It’s in these flashback moments where we see how Ceres ended up being the woman she is in the present day. The reader finds out Ceres has been through a huge ordeal. I truly believe her anger and hatred comes from the fact that she really hates herself for what happens to Mikage and what sets the cycle of reincarnation and the long and bloody battle for the hagoromo to be set into motion. Ceres admits to Aya, after telling her story, that she had hoped the man she fell in love with would come back to her. She is proven wrong and gets set up for disappointment time and again. The final straw and the brutal reality that the Mikage she once knew is gone forever comes when he kills his own child and declares that he would kill all his children if it meant he can have Ceres all to himself. She makes the decision right then and there to kill the monster she has created.

Ceres may be considered a celestial being, but she is one who experiences what it means to be human. She knows what it is to have loved and lost so much. I think her experience with Mikage has made her bitter, angry, and consumed with so much pain. She really doesn’t admit anything is her fault concerning her relationship with Mikage in the beginning until she reveals the truth behind her relationship with him to Aya. It’s in that moment where she can honestly say she is also to blame for what happens to Mikage. Her denial of what happened to him and their once happy marriage has kept her from being honest with herself and seeing herself as equally responsible for the destruction of everything she once held dear. To be harboring the type of emotions she has, it’s easier to place blame on someone else rather than have to admit you are wrong as well.

In a lot of ways, Ceres undergoes a change like Aya does in the manga and anime. Ceres starts off as this bitter and angry woman who will stop at nothing to get her hagoromo and isn’t above killing people to get results, but she slowly sees that her way and views are wrong. She also starts to let go of her anger and her blame against Mikage and their descendents by realizing she is no victim in this either. The only way to truly end the vicious cycle set into motion ages ago is confronting the problem head on.

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8 thoughts on “Ceres: Hell Hath No Fury Like A Woman Without Her Hagoromo

  1. I’d really like to read this series, it sounds very interesting. I love Yuu Watase’s work and I’m working my way through collecting her manga. I think Ceres: Celestial Legend might be next. Great post ^_^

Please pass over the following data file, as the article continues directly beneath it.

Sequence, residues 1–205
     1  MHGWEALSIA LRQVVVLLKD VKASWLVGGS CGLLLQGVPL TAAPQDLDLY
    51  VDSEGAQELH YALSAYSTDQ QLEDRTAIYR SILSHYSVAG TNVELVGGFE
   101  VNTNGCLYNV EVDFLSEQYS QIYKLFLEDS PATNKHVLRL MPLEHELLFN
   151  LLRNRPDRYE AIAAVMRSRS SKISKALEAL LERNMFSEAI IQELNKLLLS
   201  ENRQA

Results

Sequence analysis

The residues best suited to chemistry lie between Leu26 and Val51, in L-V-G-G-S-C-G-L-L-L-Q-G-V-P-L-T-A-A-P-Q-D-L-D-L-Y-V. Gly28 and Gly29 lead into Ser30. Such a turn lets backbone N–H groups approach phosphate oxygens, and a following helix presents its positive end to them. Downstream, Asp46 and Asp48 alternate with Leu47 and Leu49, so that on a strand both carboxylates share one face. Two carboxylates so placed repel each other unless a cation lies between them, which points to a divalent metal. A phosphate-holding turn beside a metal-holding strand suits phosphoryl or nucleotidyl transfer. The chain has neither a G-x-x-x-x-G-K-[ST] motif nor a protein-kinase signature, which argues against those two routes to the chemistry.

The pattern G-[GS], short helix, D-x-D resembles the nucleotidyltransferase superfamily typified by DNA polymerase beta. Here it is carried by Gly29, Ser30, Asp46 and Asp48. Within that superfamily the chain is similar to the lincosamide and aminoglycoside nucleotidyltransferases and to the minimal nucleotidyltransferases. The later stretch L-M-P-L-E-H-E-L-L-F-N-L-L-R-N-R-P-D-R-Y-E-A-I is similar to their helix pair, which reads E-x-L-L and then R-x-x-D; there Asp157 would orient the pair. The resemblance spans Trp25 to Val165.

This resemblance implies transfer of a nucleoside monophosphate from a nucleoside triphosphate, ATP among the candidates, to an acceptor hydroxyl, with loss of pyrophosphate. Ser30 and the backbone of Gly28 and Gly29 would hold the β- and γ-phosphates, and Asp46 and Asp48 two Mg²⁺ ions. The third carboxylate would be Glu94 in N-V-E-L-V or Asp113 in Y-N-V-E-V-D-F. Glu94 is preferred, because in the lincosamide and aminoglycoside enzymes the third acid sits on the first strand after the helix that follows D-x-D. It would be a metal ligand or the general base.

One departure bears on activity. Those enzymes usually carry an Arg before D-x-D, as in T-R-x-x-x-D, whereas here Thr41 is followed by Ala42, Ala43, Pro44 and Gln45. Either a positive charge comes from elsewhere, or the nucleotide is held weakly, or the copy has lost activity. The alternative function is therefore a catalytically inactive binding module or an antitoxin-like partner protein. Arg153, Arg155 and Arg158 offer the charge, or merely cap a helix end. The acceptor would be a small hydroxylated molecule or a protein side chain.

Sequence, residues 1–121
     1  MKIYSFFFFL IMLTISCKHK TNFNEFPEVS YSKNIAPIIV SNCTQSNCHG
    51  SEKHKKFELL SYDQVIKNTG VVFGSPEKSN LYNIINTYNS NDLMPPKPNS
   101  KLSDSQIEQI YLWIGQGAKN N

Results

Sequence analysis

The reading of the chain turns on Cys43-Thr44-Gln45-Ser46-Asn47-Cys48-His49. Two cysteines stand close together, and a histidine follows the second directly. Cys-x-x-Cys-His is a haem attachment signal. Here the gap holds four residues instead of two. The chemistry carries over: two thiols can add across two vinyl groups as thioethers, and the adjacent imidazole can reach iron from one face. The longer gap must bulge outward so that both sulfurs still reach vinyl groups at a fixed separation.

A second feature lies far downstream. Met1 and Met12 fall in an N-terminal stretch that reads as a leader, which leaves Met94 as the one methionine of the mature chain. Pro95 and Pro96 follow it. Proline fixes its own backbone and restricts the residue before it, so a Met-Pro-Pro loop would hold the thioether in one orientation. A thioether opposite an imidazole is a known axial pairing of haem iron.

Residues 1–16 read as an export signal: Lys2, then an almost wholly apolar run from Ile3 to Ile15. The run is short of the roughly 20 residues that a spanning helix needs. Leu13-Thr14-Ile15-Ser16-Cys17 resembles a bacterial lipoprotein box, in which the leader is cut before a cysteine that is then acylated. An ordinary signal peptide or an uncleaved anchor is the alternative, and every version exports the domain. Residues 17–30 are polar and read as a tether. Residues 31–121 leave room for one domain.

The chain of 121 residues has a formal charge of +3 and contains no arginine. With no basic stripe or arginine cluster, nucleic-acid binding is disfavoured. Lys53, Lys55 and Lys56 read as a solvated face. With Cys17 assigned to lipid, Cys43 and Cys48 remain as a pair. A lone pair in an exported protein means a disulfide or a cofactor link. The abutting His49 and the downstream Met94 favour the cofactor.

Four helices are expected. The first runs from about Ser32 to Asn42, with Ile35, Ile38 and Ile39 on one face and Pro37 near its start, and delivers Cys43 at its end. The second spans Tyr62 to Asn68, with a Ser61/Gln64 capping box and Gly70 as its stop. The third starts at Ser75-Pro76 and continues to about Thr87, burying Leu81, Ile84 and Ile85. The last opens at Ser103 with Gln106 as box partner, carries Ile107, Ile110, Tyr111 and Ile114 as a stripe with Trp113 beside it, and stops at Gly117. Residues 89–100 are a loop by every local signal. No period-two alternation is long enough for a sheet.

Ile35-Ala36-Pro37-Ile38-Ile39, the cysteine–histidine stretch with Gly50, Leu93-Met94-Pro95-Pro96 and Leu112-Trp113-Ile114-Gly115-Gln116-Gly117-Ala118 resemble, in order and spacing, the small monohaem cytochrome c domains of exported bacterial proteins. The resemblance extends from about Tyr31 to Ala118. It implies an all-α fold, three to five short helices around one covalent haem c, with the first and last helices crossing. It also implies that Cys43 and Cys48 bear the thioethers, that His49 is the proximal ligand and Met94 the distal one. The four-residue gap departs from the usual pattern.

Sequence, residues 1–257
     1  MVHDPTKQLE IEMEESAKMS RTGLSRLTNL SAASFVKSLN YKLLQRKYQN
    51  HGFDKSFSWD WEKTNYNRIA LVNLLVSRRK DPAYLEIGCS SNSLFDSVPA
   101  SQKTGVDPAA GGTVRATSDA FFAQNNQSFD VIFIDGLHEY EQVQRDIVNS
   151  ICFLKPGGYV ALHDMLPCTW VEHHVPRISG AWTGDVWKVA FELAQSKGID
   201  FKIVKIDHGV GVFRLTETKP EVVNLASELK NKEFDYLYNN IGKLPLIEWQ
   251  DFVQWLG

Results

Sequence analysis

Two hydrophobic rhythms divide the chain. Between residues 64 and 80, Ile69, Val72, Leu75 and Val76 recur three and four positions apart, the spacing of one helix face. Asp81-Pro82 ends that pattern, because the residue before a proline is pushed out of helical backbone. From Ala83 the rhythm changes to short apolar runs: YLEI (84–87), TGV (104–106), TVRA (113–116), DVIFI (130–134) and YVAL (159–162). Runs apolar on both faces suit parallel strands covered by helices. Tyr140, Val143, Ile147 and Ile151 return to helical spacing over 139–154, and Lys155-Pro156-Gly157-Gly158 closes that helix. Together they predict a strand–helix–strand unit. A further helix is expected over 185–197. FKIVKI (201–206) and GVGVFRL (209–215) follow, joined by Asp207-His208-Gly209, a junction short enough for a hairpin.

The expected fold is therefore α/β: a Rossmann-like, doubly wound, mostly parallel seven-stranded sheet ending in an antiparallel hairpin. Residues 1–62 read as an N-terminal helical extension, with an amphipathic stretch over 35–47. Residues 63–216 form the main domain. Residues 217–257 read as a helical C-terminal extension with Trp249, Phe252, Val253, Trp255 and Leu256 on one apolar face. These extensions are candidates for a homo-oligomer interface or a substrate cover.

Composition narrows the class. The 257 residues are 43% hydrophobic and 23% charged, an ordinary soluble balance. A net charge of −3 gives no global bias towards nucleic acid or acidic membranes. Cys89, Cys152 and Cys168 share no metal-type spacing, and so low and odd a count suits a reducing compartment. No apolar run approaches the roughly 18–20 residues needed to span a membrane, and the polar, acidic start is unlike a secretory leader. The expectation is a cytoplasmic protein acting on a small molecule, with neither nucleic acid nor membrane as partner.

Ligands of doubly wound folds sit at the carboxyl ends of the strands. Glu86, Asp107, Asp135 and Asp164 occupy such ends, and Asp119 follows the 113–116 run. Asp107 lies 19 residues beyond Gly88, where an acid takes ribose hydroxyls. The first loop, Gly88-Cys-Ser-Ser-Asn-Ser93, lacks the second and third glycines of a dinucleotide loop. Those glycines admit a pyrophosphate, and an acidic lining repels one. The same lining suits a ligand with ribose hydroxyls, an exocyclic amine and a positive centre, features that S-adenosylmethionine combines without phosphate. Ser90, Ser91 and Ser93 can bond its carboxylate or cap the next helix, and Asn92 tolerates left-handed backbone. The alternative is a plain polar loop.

1. I think it’s a great series. It’s a lot darker compared to the other stuff I’ve read from her. She still has her signature comedic moments to break the heaviness going on in the story, but I think Ceres is much more serious than Fushigi Yugi, Alice 19th, and the like.

  2. How funny, I was also more interested in Ceres than Aya when reading Ceres. In fact, learning about Ceres (and the plot) are my reasons for reading Ceres. :3
    I kind of knew this was coming because I watched the anime and some of this is explained there. But I never understood why Mikage changed so much from Ceres’ power. That seemed rather weird and kind of forced, imo. Still looking forward to collecting and reading the rest whenever I get around to it. 🙂

    1. I really want to rewatch the anime since I have the whole series on DVD. I think they explain Mikage’s change well in the manga. I can’t really remember if his change seemed vague in the anime. I always understood it as “power corrupts.” After being filled with even a little of Ceres’s ability, the amount of power she is able to control on a daily basis would I guess be too seductive for a once good and honest man to resist. Still, learning about Ceres and her tragic love with Mikage was brutal. I really mourned with her.

      1. Actually that’s what I find weird. The whole idea of “power corrupts”. I mean I understand the reasoning behind why it happens, but I find it silly to use it as a blanket archetype for any and all characters going bad. Mikage, to me, seemed like a man who should have no/little reason to go bad because he’s gotten a bit of power. That’s why I felt it was forced. But then again, the manga could depict it better. The anime didn’t really show why he suddenly did a 180. If the manga shows his gradual corruption, that could definitely make it feel more believable.

  3. First off, I nearly died laughing at the title of this post! I don’t know, I just thought it was really funny! Haha, yeah, just ignore me…
    Ceres is definitely one of the most interesting characters I’ve ever come across! She had a very vivid and riveting back story, plus her personality in respect to that past is very real and believable. That’s pretty hard to come across in manga, at least to that degree of awesomeness. I loved your post! Kind of makes me feel like re-reading Ceres, but I know I’d die if I tried to juggle that around too! XD

    1. Thanks! I wanted an interesting title for the post and came up with that one. I thought it fits. 🙂

      Ceres’s backstory is very believable. The way Watase handles it has a certain sensitivity and gentleness to it. This is why when Ceres witnesses the man she loves change so drastically because of her mistake, her denial and anguish is very easy to latch onto.